Prairie Swine Centre

 Industry Partners

Prairie Swine Centre is an affiliate of the University of Saskatchewan

Prairie Swine Centre is grateful for the assistance of the George Morris Centre in developing the economics portion of Pork Insight.

Financial support for the Enterprise Model Project and Pork Insight has been provided by:

Author(s): Dr. John Patience
Publication Date: January 1, 2003
Reference: Proceedings of the 2003 Saskatchewan Pork Industry Symposium
Country: Canada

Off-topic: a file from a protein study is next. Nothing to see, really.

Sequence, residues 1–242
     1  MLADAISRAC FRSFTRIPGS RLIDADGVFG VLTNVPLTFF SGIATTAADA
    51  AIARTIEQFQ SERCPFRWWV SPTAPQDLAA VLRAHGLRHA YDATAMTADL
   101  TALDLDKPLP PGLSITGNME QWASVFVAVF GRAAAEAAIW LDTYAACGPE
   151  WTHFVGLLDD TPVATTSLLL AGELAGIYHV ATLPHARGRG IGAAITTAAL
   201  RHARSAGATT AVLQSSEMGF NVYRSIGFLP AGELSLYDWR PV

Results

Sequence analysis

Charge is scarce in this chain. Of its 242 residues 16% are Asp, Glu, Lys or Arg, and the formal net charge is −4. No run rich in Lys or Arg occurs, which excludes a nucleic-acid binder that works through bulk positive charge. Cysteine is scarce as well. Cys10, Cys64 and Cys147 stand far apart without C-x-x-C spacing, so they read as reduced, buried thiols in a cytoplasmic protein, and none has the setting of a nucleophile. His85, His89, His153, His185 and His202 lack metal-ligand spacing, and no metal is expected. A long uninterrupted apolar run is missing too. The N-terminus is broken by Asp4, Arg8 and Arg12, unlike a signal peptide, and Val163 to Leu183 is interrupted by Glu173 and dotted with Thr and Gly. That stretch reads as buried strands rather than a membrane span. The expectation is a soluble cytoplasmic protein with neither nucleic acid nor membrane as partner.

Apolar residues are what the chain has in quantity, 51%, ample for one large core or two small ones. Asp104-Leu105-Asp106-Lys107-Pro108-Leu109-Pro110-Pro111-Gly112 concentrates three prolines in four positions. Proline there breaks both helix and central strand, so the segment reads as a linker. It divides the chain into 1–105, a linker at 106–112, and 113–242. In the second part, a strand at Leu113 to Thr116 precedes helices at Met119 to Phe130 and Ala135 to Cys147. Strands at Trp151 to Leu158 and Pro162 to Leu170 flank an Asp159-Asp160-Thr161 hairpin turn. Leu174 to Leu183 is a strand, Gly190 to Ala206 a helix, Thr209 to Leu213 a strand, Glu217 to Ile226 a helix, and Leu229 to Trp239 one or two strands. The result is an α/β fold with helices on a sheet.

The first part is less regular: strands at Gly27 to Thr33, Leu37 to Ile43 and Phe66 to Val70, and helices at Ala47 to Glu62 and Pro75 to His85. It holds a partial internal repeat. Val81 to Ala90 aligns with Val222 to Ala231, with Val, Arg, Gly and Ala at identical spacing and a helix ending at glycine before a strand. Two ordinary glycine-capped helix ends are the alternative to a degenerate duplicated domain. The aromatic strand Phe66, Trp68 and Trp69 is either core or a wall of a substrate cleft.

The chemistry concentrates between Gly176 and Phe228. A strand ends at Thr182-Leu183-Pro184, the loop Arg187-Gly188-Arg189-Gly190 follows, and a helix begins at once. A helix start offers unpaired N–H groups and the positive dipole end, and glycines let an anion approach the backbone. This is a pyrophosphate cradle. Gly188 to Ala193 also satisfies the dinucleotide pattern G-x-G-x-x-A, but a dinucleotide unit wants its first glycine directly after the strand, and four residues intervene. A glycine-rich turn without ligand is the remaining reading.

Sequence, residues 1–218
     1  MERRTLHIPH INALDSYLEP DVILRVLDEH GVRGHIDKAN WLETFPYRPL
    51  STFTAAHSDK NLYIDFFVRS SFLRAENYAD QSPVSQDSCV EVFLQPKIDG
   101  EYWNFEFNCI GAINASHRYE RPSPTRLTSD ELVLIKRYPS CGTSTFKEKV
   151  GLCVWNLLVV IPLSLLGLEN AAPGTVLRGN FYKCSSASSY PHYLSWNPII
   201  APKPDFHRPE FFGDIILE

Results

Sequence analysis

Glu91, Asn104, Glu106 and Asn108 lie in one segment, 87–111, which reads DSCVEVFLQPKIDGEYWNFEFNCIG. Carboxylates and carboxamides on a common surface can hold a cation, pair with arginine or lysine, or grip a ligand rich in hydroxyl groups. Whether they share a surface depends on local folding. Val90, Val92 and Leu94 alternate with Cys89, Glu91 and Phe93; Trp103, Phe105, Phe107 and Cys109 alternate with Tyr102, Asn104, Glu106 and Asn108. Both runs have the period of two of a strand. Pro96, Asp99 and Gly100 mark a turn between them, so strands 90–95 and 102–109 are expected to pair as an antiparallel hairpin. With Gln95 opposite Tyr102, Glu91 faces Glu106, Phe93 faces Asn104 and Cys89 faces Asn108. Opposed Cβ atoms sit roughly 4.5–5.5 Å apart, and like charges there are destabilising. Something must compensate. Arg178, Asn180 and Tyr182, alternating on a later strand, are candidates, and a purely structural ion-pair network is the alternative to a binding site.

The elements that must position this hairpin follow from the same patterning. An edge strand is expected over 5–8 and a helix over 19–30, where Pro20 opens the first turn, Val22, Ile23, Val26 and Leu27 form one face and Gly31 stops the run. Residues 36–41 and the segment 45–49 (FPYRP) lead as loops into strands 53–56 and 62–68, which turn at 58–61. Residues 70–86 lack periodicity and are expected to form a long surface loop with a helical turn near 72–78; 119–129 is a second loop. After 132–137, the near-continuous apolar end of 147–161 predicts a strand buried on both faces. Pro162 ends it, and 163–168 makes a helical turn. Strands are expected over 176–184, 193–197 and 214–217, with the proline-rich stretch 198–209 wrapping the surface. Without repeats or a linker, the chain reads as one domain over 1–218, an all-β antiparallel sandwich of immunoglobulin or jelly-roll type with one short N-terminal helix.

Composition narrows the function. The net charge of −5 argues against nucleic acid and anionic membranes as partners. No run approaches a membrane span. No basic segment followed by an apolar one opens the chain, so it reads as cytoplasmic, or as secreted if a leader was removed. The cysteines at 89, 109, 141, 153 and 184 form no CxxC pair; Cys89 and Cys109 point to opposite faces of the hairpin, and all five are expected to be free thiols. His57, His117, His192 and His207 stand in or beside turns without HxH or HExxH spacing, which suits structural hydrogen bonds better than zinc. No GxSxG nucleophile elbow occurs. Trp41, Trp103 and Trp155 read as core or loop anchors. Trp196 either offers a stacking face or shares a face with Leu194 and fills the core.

Throughput is important for maximized production. Faster growth rates do not hinder the quality of the pork produced. The relationship between growth rate, feed intake, and feed conversion contributes to the overall growth rate. Pigs gain muscle mass with increased protein in the diet as long as sufficient energy is available. It has been estimated that only about one-third of the protein consumed in the diet will be retained in the body as protein. Minerals, protein, and energy are all needed for growth. Excess protein will be used for energy, and excess energy will be deposited as fat. Genetics have allowed for different options when purchasing breeding stock. Current genetic improvements have resulted in an increase in the lean growth rate of up to 3% per year. As the lean content of the pig increases, feed efficiency improves. In order to support this increased growth, the supply of nutrients must also increase, through either increased feed intake or the use of more nutrient dense diets. Environmentally, pigs need to be in their thermal comfort zone to maximize feed intake without hindering growth rate. Heat emission from basic pig metabolism should be taken into account so that pigs do not get too hot in warm temperatures. The environment should successfully balance the heat loss with the heat production of the pigs. Newly weaned pigs should be in a room with a slightly higher temperature to make up for pigs that are not eating and losing heat. Typically, lower average daily gains and higher feed intake occurs among pigs in a cold environment. As a thumb rule, one can estimate that for every degree C below the thermal comfort zone, growth rate will decline by 10 to 22 g/d. While crowding is known to reduce growth rate and feed intake, increasing the density of the diet to achieve equivalent daily nutrient intake is not successful in returning the performance of crowded pigs to that achieved by non-crowded pigs. A healthy animal is important because the immune system requires energy to operate. Diet composition must be adequate (not too dense yet not too thin). Particle size is important for maximizing feed intake and efficiency, and research is still going on to determine the optimal particle size.

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